The Electric Yellow Cichlid, often known as the Yellow Princess, is undoubtedly the most common cichlid species. When people think of aquarium fish, they’re often one of the first species that come to mind. However, they are challenging to care for in small aquariums (under 120 liters). Even though they are peaceful, they can become aggressive due to a small living environment.
In a 120-liter aquarium, no more than 6 princesses should be kept. The Electric Yellow Cichlid is an excellent choice for those new to the hobby. Due to its easy maintenance and resilience, it’s one of the most preferred cichlid species.
Growing up to 13cm in size, these fish are both herbivorous and carnivorous. Females incubate their fry using a mouthbrooding method. The process lasts for about 20 days. They are hardy fish that can withstand hard waters and challenging conditions.
Within the aquarium, one should create areas with rocks or similar materials for them to hide. If one wishes to achieve healthy breeding with Yellow Princesses, the ideal male to female ratio is 1/5. For every male Electric Yellow Cichlid, there should be 5 females.
The Empress cichlid is a flashy species with vibrant colors like red, blue, and yellow. Within its species, it has many sub-types. Among them, the blue and red empress cichlids are the most common. They live in the northern regions of Lake Malawi, at depths of 4-5 meters.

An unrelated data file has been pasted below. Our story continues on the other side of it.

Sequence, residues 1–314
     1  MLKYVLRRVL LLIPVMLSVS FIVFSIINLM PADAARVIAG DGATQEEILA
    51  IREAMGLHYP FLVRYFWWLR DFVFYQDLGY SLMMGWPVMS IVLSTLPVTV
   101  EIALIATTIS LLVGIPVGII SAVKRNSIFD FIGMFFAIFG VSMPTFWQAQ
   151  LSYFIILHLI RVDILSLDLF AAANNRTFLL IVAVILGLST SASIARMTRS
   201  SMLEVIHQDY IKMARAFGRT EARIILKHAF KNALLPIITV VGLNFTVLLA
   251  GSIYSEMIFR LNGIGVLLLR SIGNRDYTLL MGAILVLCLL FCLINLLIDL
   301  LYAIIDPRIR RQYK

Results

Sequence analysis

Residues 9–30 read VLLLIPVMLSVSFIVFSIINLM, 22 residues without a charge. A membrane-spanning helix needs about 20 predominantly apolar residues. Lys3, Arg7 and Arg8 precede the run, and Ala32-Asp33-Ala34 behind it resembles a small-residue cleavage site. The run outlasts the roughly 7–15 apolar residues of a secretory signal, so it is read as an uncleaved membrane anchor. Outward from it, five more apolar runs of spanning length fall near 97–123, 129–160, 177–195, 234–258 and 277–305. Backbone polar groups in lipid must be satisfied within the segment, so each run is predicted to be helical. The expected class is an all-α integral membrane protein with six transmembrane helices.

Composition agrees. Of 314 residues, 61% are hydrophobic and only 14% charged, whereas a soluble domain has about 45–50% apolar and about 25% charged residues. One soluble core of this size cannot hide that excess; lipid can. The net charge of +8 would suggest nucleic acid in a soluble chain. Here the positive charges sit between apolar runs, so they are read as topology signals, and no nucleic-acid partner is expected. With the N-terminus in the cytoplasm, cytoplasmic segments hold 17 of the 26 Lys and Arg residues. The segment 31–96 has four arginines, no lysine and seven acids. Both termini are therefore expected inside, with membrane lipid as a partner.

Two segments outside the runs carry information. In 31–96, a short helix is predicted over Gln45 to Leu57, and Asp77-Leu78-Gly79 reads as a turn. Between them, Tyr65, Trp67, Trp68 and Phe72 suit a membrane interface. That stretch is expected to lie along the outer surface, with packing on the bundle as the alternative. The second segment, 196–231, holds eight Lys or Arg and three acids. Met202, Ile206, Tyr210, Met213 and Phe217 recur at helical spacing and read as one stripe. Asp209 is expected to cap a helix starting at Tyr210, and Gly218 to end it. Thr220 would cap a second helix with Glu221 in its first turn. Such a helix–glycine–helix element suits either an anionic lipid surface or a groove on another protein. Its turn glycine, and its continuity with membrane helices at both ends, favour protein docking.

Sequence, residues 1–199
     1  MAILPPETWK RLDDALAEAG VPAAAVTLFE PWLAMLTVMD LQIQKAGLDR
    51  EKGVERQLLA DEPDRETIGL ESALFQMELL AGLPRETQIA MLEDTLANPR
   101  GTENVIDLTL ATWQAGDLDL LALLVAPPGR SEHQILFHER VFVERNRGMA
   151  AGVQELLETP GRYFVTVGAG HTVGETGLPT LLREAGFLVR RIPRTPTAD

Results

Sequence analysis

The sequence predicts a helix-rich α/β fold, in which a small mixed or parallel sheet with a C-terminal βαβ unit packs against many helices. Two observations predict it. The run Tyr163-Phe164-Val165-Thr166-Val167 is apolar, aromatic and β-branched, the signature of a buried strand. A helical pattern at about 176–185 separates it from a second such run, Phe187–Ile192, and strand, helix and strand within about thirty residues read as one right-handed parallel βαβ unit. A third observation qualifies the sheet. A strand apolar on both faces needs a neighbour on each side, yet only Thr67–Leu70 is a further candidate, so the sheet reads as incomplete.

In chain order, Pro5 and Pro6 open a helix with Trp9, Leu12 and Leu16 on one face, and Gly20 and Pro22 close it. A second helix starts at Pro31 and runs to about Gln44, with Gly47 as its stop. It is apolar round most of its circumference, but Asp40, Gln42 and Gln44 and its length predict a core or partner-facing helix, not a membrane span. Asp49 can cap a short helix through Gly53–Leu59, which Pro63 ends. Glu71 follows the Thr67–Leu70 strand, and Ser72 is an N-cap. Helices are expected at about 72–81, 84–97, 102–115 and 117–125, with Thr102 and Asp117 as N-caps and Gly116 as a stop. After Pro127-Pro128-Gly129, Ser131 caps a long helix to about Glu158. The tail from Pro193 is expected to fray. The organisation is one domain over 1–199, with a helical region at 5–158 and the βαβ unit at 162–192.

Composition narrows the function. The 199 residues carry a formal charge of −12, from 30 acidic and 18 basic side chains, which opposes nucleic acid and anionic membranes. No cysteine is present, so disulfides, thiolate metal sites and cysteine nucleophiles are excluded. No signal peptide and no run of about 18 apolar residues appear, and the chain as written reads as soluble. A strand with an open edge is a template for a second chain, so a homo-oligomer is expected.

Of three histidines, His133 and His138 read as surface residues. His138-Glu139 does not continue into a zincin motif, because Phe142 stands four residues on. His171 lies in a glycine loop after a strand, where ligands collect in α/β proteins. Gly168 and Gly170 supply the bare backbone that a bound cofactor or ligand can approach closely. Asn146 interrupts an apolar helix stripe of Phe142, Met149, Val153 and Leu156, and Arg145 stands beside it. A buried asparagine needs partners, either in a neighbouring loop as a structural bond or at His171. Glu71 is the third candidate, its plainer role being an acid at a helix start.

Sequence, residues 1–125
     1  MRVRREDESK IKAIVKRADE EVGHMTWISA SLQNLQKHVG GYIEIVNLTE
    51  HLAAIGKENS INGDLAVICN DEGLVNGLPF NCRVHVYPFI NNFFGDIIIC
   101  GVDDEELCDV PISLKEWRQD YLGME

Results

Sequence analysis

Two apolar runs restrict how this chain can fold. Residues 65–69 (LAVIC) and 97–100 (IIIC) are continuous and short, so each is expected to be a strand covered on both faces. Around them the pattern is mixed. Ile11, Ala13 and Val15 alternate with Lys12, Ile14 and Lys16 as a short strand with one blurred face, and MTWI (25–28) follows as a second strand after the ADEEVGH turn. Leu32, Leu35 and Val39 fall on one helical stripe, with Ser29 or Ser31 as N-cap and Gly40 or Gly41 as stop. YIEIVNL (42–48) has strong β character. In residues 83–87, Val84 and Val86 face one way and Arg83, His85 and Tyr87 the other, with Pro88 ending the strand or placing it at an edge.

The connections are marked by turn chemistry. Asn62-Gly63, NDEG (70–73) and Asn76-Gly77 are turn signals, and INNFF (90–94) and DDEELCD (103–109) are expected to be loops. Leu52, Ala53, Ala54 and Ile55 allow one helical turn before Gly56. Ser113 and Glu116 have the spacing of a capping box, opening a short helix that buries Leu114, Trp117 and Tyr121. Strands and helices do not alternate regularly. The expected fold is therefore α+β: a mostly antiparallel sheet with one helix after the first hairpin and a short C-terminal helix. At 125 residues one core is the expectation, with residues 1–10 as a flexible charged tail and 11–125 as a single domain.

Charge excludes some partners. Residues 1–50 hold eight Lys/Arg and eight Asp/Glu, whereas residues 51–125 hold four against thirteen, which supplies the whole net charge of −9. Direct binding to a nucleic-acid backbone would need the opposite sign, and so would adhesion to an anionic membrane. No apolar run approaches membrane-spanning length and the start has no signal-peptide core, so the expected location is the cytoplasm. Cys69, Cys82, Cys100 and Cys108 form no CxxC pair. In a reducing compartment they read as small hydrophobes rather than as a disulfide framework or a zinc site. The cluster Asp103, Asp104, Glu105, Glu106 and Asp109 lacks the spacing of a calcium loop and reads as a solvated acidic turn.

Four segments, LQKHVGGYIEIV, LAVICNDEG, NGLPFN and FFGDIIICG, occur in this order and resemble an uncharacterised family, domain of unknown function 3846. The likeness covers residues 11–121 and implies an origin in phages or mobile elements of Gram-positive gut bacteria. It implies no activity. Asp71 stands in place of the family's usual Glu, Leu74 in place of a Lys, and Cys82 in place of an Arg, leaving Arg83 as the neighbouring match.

Their primary diet consists of worms, invertebrates, and larvae. With the “acoustic lateral system” located on their heads, a structure with holes, they can detect creatures beneath the sand and feed on them. In the aquarium, they should be fed with protein-rich foods suitable for carnivorous cichlids.
For reproduction, they practice mouthbrooding. An adult empress cichlid can produce around 40-60 fry in a single batch. They need to be 6-7 months old to produce offspring. Moreover, males display aggressive behavior during the breeding season.